Children don’t need curriculum, but they do need you.
One of the most common comments I get from people when they find out we unschool is, ‘my kids would never do anything if I did that’. There is this belief that unless forced to, children would not want to learn. That maybe they would watch TV or play video games all day and certainly not get an ‘education’.
I have not found that to be the case.
My children who have never been to school are full of ideas. They have lists of things they want to get done. They have multiple projects on the go. They are spending time with friends, visiting interesting places, creating things, seeking out information, working on skills they want to get better at, and generally filling their time up with things that interest them. Along the way they are getting educated, but it sure doesn’t feel like school at all.
Do you know what is also true? They need my help with this. I ponder this today as I have had a migraine and have not really felt like doing much at all. Today I heard lots of ‘I’m bored’, and ‘what can I do’, and general complaints. These are very rare things for me to hear.
Does this mean on normal days I am forcing them to do things and that’s why they spend their time that way? Am I telling them what to do all the time? Not at all.
It means that we are partners. All of this inspiration is inside of them, but they also need a partner! Especially at the younger ages. This isn’t always the case. Sometimes I can be busy and they get on with what they are doing anyway. But it happens often enough when we are sick or I’m otherwise not as present as usual that I’ve recognised the pattern.
The point I want to make is that if we just sit back and wait for things to happen, if we leave it all in their hands, then it may look like a whole lot of nothing. Even for kids with numerous interests, and lots of projects they are in the middle of. Hey, they even watched a movie today. Maybe they would spend all their time in front of the TV! Joking. Of course they wouldn’t, but you catch my drift.
The magic in unschooling involves you. You’re a major ingredient. Things just don’t look the same without you. Your involvement is so crucial! You set the tone of the house, you establish a family culture.
So, what do you want that to look like?
One thing that helps us here is to start our day together. We start with read-aloud time over breakfast. We also use this time to talk about our day. I will ask each of the girls what they plan to do that day, or what they are working on. Not as an expectation that they must be doing some kind of ‘work’ but just as a part of our routine and organising our day so that everyone gets to do the things they want to do, and I know what they need my help with. We have a family culture of creativity and inspiration! In our home we are doing things, we’re making plans, we’re discussing our interests, we’re energised, we’re having fun, we’re active participants in life and learning! Sometimes they will also say ‘I feel like taking a break from my normal stuff today actually’ and that’s ok too, and lets me know that they are confident they are able to do this and not feeling any expectation from me.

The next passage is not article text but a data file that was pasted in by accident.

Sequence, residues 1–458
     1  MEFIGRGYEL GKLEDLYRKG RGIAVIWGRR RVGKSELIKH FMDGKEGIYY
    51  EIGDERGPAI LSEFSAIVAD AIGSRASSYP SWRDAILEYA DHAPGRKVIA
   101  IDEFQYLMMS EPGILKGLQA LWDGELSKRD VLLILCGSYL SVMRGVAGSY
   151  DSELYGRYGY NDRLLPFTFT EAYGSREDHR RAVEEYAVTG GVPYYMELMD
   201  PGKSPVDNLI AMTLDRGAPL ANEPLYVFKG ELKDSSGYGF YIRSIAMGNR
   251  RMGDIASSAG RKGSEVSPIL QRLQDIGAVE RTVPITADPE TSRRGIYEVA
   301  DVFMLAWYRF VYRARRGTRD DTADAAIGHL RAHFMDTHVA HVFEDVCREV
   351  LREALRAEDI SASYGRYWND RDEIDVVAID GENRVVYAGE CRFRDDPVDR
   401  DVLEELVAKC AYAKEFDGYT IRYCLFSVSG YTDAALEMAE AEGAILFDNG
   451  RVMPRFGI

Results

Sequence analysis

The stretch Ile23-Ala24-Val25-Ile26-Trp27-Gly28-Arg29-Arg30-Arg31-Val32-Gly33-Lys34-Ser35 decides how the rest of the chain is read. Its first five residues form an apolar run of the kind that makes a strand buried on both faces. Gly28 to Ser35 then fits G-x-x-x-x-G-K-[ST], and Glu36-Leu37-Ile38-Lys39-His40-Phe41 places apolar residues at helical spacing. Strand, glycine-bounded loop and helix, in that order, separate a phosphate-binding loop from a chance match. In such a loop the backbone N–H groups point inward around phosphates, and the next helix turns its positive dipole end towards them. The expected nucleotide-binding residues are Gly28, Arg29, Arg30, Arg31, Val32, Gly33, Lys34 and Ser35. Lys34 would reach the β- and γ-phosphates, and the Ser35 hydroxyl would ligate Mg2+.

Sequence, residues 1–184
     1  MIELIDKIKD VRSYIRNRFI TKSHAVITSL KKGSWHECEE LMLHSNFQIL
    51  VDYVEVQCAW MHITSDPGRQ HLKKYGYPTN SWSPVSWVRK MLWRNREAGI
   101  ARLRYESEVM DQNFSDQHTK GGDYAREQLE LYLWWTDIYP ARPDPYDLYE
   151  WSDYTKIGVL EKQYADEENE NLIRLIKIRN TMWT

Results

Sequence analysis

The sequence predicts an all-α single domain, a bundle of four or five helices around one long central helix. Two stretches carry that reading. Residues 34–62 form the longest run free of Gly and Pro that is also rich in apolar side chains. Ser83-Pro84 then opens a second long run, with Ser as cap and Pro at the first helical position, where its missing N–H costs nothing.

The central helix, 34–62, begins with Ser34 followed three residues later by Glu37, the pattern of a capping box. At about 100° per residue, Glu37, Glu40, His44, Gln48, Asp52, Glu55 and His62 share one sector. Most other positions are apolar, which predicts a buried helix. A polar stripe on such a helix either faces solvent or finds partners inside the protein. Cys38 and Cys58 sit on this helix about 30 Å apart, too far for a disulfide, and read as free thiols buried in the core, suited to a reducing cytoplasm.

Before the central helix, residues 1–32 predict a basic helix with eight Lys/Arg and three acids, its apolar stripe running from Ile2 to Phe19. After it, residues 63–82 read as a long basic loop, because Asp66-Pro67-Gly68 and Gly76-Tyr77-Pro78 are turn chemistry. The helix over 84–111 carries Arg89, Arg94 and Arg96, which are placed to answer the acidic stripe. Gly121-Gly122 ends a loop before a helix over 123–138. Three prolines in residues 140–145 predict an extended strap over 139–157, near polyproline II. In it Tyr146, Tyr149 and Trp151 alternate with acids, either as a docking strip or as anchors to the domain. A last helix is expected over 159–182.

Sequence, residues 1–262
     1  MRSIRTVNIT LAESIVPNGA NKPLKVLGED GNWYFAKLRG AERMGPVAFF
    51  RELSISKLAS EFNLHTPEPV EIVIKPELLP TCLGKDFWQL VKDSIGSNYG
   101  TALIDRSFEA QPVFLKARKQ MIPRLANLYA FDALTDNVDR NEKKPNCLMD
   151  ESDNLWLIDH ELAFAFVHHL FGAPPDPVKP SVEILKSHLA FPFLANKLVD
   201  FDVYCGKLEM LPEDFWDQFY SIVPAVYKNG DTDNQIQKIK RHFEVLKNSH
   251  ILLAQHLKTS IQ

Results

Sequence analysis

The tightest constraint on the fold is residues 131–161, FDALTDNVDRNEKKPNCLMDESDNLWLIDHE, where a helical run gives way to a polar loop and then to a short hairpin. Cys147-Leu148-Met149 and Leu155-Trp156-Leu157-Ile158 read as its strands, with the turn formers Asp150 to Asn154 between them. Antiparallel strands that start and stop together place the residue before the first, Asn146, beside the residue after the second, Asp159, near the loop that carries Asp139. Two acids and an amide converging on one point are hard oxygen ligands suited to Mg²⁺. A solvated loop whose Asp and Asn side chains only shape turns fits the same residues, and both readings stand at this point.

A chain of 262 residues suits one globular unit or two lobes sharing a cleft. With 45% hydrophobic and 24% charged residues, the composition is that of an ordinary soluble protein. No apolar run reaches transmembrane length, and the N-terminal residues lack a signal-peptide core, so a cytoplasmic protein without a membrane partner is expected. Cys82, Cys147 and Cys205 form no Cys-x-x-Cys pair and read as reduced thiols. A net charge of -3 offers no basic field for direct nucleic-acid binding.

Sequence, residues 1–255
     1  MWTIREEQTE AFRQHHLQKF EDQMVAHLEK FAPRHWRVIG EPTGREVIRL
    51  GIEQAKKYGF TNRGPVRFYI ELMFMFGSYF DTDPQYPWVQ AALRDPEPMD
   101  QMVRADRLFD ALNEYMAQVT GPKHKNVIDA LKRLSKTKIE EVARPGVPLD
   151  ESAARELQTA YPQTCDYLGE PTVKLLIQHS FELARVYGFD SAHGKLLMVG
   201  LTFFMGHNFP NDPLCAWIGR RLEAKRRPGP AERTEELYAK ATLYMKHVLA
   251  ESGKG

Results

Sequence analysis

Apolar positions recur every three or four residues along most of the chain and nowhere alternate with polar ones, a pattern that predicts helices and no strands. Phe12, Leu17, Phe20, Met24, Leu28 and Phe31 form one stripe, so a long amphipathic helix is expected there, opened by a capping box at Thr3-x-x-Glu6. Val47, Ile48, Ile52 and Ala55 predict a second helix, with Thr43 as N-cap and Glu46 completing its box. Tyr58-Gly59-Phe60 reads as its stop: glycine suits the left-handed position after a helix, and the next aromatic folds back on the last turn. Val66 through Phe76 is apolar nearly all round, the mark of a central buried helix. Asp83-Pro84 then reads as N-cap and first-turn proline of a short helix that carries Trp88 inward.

On normal days here, people are busy getting on with whatever interests them right now. I don’t believe for a second that children need to be forced to learn. In fact, quite the opposite, I can hardly keep up with all the things they want to do. But, it’s also the case that they require my active involvement in helping them with their plans, being present, problem-solving, being interested and attentive, and more.
I suppose I share this story today for a few reasons. To highlight the fact that children don’t need to be forced to learn, but they do need parental involvement. To encourage unschooling parents and remind them of how very important they are. And to let people know that if things are not feeling quite right and you’re in a bit of a rut with unschooling (it happens!), sometimes just a little tweak in the environment or how you approach the day can make a big difference.
Children are brilliant, and unschooling is amazing, but it definitely doesn’t happen without intention.
Thanks so much for writing this! It’s goes so far towards dispelling the myth of unschooling as uninvolved parents.
Even though the unschooling kids here are more independent every year, (a part of our culture that we inspired and facillitated in the kids), my partner and I are still very involved. As my involvement changes because of outside factors like work, I can see our unschooling flow change as well. The kids, my partner, and I are all parts of the same time trying to accomplish the same thing, and we’re all part of getting it done.
I struggle with this a lot with three kids and watch in awe as you do it with four! Keeping up on the cooking/cleaning with three kids at home and all their projects keeps me from being as present as I want to be. I try to not require house keeping, and my kids do help sometimes, but it’s still a lot. As I sit here during a moment of quiet, there is a basket of snap circuits in the middle of the living room that were abandoned by my youngest while I was helping my oldest fill out an application for an exchange program. And my middle daughter is knee deep in a bracelet making business, all over the house! How do you keep up with them? And the cooking! 🤣